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Deutsche Bank’s Quantitative Team to Leave, Start Hedge Fund

Date: Wednesday, February 25, 2009
Author: Saijel Kishan, Bloomberg

Deutsche Bank AG’s quantitative trading group is leaving to start a hedge fund as the Frankfurt- based bank scales back riskier businesses.

Equitech Group, the bank’s proprietary equity unit, is forming Roc Capital Management LP, which will be based in New York and run by Arvind Raghunathan, the bank’s head of global arbitrage, according to the fund’s marketing documents. Roc Capital will open in the second quarter with more than 20 people including traders and scientists globally.

“In this environment, it’s particularly important for individuals to have reputations in order to get access to seed money,” said Nicola Ralston, co-founder of London-based PiRho Investment Consulting Ltd., which advises clients on investing in hedge funds.

Josef Ackermann, chief executive officer of the Frankfurt- based bank, said on Feb. 5 he will cut risk by shifting resources from areas such as proprietary trading after “unprecedented market conditions revealed some weaknesses” in trading operations. He said the firm had reduced risk in proprietary trading by about 75 percent. Boaz Weinstein, 35, left the firm this year with about 15 colleagues to start a hedge fund after the proprietary credit desk he ran lost $1.3 billion in 2008.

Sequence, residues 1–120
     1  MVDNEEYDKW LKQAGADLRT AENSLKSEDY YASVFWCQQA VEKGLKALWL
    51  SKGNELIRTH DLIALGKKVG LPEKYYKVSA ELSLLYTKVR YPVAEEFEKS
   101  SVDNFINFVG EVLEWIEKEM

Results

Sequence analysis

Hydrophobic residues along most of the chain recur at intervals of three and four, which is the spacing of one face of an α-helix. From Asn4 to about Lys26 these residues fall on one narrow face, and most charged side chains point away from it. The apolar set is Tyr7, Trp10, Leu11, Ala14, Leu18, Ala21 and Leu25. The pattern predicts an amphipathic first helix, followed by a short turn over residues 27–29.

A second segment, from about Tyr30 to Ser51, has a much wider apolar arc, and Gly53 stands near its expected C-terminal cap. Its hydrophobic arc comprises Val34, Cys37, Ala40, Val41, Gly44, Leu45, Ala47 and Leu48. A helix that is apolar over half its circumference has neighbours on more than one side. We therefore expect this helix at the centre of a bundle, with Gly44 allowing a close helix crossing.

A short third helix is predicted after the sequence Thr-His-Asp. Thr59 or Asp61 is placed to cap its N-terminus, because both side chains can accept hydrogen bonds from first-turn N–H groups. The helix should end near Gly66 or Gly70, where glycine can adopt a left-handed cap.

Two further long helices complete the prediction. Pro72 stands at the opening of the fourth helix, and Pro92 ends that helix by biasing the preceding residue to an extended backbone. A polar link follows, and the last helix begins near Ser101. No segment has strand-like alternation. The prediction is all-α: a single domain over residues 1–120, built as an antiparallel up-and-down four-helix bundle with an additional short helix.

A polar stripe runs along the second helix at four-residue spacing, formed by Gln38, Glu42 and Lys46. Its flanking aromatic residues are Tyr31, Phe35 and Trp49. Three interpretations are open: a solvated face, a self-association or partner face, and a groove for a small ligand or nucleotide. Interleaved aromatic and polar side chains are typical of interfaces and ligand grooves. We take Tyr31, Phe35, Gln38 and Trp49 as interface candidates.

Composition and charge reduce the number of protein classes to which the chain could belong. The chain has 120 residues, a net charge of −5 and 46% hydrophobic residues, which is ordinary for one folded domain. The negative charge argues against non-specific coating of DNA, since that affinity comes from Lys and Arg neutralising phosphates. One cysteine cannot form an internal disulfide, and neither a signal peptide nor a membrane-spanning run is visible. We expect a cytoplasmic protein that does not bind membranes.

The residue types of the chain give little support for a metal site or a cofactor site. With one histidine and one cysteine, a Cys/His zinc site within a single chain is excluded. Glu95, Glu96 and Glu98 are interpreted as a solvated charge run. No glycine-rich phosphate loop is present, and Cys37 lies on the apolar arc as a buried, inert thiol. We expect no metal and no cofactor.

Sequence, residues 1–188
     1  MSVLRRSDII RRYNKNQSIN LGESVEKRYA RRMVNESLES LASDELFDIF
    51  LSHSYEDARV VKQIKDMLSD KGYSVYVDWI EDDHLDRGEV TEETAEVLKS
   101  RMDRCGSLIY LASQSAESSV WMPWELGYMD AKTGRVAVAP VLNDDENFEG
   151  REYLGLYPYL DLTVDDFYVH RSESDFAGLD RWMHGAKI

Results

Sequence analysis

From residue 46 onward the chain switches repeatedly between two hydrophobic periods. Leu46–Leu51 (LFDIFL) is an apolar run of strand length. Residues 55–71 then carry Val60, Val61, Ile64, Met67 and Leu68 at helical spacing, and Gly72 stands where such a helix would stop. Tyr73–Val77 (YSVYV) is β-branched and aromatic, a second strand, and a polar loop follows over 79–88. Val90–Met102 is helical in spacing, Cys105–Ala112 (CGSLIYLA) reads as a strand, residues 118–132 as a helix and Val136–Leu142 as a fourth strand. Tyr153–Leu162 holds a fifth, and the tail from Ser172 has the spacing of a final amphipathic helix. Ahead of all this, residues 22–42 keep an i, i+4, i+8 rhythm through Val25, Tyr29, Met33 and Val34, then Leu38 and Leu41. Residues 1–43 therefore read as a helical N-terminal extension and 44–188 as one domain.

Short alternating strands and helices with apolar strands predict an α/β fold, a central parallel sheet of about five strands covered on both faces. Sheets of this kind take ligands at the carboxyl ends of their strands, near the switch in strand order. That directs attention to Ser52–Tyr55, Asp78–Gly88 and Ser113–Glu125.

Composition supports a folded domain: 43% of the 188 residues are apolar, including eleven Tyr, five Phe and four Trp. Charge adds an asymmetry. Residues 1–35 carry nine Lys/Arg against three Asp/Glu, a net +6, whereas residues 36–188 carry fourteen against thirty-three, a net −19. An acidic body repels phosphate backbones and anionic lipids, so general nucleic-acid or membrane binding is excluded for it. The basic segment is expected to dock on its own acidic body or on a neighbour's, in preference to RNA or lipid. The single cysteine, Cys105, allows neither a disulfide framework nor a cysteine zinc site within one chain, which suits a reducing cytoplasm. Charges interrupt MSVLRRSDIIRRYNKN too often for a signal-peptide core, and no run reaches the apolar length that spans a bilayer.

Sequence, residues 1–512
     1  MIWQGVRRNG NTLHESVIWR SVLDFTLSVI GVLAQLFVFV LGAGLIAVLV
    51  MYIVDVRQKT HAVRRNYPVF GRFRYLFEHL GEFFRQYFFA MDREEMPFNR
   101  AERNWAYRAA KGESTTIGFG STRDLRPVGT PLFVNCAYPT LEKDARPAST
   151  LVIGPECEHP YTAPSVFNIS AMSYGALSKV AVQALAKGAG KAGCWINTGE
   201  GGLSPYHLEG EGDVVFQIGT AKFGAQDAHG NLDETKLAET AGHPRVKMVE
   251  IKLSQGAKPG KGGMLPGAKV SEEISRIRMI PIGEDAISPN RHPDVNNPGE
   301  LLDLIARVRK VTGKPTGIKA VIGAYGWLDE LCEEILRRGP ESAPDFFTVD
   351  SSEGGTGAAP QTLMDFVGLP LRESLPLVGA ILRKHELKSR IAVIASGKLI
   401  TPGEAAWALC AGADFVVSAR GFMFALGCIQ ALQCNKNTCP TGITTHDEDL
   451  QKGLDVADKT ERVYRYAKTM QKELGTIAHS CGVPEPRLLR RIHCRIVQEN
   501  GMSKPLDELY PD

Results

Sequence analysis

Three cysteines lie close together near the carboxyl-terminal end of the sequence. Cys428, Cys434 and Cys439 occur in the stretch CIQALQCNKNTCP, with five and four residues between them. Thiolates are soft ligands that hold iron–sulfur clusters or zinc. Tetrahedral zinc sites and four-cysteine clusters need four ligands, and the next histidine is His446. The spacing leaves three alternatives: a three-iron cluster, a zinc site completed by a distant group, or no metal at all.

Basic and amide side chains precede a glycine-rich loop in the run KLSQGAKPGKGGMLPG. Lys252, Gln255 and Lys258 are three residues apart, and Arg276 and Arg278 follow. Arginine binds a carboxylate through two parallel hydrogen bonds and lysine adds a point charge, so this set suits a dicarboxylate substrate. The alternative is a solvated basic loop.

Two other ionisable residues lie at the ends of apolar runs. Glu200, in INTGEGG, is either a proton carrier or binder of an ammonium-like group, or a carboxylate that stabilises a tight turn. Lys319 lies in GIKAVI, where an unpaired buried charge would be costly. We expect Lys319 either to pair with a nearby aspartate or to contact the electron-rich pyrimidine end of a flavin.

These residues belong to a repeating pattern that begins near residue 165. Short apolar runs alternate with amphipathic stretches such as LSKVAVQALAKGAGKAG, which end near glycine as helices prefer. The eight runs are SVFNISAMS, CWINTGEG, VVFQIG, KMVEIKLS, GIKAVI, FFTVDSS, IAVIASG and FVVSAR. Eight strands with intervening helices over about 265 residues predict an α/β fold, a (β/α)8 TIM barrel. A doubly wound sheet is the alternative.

Michele Allison, a New York-based spokeswoman for Deutsche Bank, declined to comment.

Recent Returns

Equitech, which was part of Credit Suisse Group AG’s proprietary trading unit until 1999, returned 2.37 percent last month after posting a 1 percent loss last year. Quantitative directional funds lost 2.6 percent in January after posting a 23 percent decline in 2008, according to Hedge Fund Research Inc. in Chicago. Quantitative funds use mathematical models to pick securities to buy and sell.

Roc Capital will be supported by a team of 40 people in India who are trained by Equitech.

Hedge funds are private, largely unregulated pools of capital whose managers can buy or sell any assets, bet on falling as well as rising asset prices and participate substantially in profits from money invested.

Raghunathan, 45, first joined Deutsche Bank in 1995, after working at Credit Suisse First Boston since 1992, according to the documents. He returned to Credit Suisse from 1997 to 1999, running a proprietary trading group, before going back to Deutsche Bank. He graduated from Indian Institute of Technology and got a doctorate from the University of California, Berkeley.

Joining Raghunathan will be Robert Wolfson, who is chief operating officer of equity proprietary trading at Deutsche Bank, where he has worked since 1989. Wolfson will also be operating chief for Roc Capital.

Anupam Ghose, 41, who works at Credit Suisse Group AG’s prime services group, will be Roc Capital’s chief strategy officer. He had previously worked on the global portfolio trading and equities swaps desk at Goldman Sachs Group Inc.

To contact the reporter on this story: Saijel Kishan in New York at skishan@bloomberg.net